Spring Meeting

The Navigators will meet on April 18, 2018 to discuss practice issues specific to limited scope retainers. Chair of this session is Sam Michaels. This session has been approved for 1 hour of professionalism content by the Law Society of Ontario.   Share This:

Workshop: Going to Family Court Without a Lawyer

Going to Family Court Without a Lawyer by The Family Law Workshop Thur. March 22, 6:15 – 8:15 pm @ Toronto Public Library – Roncesvalles Register @ https://www.eventbrite.ca/e/going-to-family-court-without-a-lawyer-tickets-41613313541 This workshop is designed to give self-represented litigants much needed guidance on going to family court without a lawyer.  The Top 10 Tips cover how to fill out court forms, negotiate with lawyers, follow court rules and much more.  […]

Understanding Family Law by The Family Law Workshop

Dealing with separation and divorce is complicated.  Come to our Understanding Family Law workshop and learn how family law can help you solve real life problems, what custody, support and property division really mean, what happens at court and the alternatives to court. This small and interactive group workshop covers the basics of family law with practical, reliable and affordable family law information from experienced […]

January Working Meeting

Our first working meeting in 2018 will be held on Jan. 11 at Mick Hassell’s office. Please note that this meeting is open to members only. This meeting is accredited for 1 CPD professionalism hour. Our Chair for the meeting: Sina Hariri   Share This:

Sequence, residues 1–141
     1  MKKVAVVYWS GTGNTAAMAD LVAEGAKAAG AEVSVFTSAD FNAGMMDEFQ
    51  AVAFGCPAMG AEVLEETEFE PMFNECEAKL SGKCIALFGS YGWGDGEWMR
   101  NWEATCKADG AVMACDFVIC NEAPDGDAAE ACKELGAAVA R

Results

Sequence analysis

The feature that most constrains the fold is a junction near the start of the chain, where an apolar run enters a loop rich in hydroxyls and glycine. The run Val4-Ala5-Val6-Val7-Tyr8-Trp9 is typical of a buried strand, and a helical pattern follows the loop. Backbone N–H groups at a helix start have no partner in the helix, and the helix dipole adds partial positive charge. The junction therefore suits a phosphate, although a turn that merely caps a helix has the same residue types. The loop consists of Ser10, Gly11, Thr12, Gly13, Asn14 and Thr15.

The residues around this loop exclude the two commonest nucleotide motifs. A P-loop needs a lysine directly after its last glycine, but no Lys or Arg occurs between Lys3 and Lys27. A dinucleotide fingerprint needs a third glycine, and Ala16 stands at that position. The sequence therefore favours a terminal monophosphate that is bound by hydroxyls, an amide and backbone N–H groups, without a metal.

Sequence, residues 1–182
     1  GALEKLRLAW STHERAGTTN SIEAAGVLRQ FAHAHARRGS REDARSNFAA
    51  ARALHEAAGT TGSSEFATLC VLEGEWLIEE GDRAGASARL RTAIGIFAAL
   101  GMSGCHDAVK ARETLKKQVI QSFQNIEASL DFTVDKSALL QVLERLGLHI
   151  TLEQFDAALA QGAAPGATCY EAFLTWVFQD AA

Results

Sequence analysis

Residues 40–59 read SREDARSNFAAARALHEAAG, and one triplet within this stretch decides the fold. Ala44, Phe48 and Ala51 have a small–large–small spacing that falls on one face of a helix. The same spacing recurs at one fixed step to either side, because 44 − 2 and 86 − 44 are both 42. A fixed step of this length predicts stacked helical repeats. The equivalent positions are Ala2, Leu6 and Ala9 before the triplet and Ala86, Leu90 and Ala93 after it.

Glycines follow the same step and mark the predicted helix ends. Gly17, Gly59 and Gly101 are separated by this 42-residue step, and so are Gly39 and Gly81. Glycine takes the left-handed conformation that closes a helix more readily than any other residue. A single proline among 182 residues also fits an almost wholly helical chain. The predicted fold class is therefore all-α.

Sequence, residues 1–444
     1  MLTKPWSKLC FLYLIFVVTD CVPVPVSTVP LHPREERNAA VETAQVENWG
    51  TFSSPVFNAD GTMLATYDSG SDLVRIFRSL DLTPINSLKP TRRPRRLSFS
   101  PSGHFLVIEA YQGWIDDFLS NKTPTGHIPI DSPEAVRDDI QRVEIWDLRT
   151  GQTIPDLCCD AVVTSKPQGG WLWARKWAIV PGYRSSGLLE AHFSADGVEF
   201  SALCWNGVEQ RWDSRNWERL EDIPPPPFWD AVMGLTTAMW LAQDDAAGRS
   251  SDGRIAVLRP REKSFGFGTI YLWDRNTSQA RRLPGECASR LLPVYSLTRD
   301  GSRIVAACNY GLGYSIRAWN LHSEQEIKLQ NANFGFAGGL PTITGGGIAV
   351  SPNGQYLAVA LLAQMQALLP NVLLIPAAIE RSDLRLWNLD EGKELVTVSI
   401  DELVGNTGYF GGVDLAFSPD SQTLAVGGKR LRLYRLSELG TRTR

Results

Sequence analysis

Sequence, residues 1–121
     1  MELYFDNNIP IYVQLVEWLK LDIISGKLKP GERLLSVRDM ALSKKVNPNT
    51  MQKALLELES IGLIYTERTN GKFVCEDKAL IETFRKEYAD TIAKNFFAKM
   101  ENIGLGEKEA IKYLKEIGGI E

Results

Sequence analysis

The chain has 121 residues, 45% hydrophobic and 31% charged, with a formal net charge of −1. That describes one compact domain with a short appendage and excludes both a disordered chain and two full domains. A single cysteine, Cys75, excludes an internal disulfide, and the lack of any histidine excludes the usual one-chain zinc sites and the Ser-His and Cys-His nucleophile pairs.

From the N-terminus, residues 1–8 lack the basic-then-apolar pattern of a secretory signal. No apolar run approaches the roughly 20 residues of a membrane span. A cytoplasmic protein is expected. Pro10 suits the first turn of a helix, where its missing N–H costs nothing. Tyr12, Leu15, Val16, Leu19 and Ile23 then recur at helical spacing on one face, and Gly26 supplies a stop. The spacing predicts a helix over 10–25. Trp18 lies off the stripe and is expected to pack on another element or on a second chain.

Lisa Eisen’s Family Law Workshop

The Family Law Workshop   More practical and affordable small group workshops are coming to Richmond Hill from The Family Law Workshop, led by family lawyers Susan Blackwell and Lisa Eisen.   Family Court Without a Lawyer Nov 30 @ Bayview Hill Community Centre (6:30 – 8:30 pm) This workshop is designed to give self-represented litigants much needed guidance on going to family court without […]

Happy Thanksgiving

When I pitched the idea of the Self-Rep Navigators to Mick Hassell a few years ago, I really did not expect much. All I thought was how nice it would be for a group of lawyers who offer “limited scope retainer”  to get together to support one another.  Our group has steadily grown since then. We even have committees in place! We have a few LSUC […]

Costs for Self-Represented Litigants

Recently, there was a ruling on costs for a matter in which both the Applicant and the Respondent to a Motion to Change child support were self-represented. The case is Genga v Colaianni 2017 ONSC 4709 .  The successful Applicant was awarded $3000 in costs from a claimed amount of $6714.63.  Costs should be awarded so that it is fair and reasonable “from the perspective of […]

Or You Could Settle Your Case

Most people in Court should work things out.  Why don’t you settle your case? There’s generally a lot of fingerpointing at the other side: “I’m in Court because of them”. That may be so, but a lot of time the finger pointer hasn’t given settlement a good try. How can you settle your case? Get a strategy together: one for litigation and one for settlement. Arrange […]

Judges Can and Do Help Self-Reps

In the recent case of Sae-Bin Im v BMO Investorline Inc., Justice Kristjanson addressed the responsibility of the Court to self-represented litigants.  The decision arose in the context of an in-writing motion, where there was no response filed to the self-rep’s motion. Citing the Canadian Judicial Council’s “Statement of Principles on Self-Represented Litigants and Accused Persons”, the Court went on to make a ruling that included an explanation […]

Self-Rep Navigators Professor Macfarlane and Joel Miller in the News

Self-Rep Navigator honorary member Professor Julie Mcfarlane and Member Joel Miller of The Family Law Coach were recently featured in a Toronto Star article: Concept of ‘unbundled’ legal services gaining support. “It’s kind of piecemeal work, so you say to a painter: OK, I can’t afford to hire you to paint my entire house, but I hate doing the ceilings,” University of Windsor law professor Julie Macfarlane […]

Common Law or Common Sense?